Sunday, December 28, 2008

Fiction and the Theory of the Universal Wavefunction

I've just come from reading the comments on the latest Yehuda Moon comic. This posting started out at a comment there but, as I wrote, it became clear this was going to be a lot longer than a simple comment; I felt a blog posting would be more appropriate. Besides, this gives me an opportunity to promote Yehuda Moon and the Kickstand Cyclery a little. ;)

So, what is it that's got my inner tube in a pinch? A comment made by someone under the name of roderick. I, and several others, had made a few comments about Yehuda's riding position on his new Rapid Blue Line (a steel framed custom bike made by the shop in the comic). Roderick's reply:
people [sic] are giving a cartoon advice [sic]
This isn't the first time I've encountered people with his attitude, and not only on Yehuda Moon; my uncle has a similar attitude about all fiction. I've never understood such people. I mean, what's the point of fiction if one can't get into the fictional world? What's the point of reading a comic if, at least while you're reading it, you're not imagining the characters as flesh and blood people? Why do people like roderick even bother to read comics?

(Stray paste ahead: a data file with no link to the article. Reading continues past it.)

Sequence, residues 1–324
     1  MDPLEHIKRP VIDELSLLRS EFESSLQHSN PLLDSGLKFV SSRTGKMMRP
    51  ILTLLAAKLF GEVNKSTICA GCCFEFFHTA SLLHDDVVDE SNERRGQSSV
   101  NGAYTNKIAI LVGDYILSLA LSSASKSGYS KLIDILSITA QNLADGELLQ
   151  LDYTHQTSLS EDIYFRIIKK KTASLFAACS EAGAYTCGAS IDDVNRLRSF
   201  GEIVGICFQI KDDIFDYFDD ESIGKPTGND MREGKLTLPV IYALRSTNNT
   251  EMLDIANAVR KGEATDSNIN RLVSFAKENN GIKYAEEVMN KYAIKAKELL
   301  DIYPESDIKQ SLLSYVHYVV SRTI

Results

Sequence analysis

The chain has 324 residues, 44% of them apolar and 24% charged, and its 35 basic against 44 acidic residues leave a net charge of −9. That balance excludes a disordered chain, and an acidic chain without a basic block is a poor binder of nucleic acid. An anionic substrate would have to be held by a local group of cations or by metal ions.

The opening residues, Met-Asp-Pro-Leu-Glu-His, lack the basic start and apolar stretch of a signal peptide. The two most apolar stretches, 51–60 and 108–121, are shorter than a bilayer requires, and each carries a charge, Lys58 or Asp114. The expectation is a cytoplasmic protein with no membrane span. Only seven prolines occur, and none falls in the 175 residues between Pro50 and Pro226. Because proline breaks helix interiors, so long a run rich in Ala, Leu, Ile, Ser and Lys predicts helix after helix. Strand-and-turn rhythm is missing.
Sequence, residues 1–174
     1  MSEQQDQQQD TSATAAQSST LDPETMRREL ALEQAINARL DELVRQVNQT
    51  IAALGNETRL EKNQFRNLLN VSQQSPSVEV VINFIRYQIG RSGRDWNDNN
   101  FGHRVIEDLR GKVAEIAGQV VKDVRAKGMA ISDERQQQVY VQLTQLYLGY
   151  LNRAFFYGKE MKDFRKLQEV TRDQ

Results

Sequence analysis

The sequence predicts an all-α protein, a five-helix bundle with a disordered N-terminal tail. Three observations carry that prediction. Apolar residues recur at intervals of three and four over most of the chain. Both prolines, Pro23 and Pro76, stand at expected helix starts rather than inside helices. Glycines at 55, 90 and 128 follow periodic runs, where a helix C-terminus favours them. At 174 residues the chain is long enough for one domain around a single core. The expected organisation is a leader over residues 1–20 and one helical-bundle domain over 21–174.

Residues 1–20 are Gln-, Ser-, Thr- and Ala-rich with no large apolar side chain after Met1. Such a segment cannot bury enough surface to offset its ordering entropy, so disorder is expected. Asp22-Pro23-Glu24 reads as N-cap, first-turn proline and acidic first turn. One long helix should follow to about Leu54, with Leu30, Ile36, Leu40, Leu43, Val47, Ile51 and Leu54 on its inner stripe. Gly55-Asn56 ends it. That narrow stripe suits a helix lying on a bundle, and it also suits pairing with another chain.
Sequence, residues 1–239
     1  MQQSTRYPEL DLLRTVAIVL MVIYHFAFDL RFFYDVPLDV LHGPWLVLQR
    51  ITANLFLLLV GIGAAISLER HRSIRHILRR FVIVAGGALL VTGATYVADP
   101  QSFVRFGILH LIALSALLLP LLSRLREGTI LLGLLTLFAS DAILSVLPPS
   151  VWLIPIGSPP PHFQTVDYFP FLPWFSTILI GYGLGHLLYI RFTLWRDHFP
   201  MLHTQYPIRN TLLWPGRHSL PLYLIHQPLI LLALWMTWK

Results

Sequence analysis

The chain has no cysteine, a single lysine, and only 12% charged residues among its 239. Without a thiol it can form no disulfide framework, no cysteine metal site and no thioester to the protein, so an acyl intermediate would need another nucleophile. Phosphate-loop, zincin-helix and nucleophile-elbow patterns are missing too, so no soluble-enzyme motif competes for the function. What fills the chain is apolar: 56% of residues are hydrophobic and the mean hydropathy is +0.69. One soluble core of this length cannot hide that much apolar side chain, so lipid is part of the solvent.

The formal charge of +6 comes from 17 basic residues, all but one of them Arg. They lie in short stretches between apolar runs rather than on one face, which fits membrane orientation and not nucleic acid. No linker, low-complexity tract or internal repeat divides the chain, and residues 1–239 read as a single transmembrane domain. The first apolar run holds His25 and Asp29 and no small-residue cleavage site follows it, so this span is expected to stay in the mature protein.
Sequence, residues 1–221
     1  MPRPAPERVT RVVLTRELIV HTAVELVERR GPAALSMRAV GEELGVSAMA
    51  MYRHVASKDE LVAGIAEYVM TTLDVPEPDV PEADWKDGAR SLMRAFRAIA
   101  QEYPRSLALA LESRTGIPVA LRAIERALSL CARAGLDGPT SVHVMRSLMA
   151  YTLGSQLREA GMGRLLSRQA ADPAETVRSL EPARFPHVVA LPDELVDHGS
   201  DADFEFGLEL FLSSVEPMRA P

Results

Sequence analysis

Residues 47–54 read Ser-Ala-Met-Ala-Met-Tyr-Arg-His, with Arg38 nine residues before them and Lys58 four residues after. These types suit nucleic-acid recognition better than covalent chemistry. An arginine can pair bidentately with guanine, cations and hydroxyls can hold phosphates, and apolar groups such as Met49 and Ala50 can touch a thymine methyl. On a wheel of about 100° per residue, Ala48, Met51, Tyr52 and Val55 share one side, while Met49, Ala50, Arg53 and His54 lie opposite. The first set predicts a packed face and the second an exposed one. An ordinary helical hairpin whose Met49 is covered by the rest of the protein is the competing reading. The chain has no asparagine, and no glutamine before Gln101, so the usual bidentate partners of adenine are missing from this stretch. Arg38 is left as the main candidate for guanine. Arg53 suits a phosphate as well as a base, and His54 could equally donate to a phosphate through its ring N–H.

When one reads fiction, the natural tendency of the reader is to put themselves in the place of the characters. In my case, regarding the above comic, I was wondering why Yehuda chose a particular riding position which, if I was in his place, I would not have chosen. Most readers got what I was trying to ask; there were two particularly illuminating comments made by Paul and Chris Moore that explained it nicely.

I do not like roderick's tone. It's bad enough that he apparently thinks we're crazy for getting into a comic so deeply. OK, he has a right to his opinion, but does he have to be so sarcastic about it? People like roderick, the way I see it, are the Grinches of the fiction world; they know they can't get into the spirit of things the same way everyone else can so they try to make everyone else who can feel foolish for doing so.

Well, up yours with a studded tire, roderick. Be damned if I'm going to let your Grinchy attitude spoil my enjoyment of Yehuda Moon and the Kickstand Cyclery, or any other reader's enjoyment, for that matter.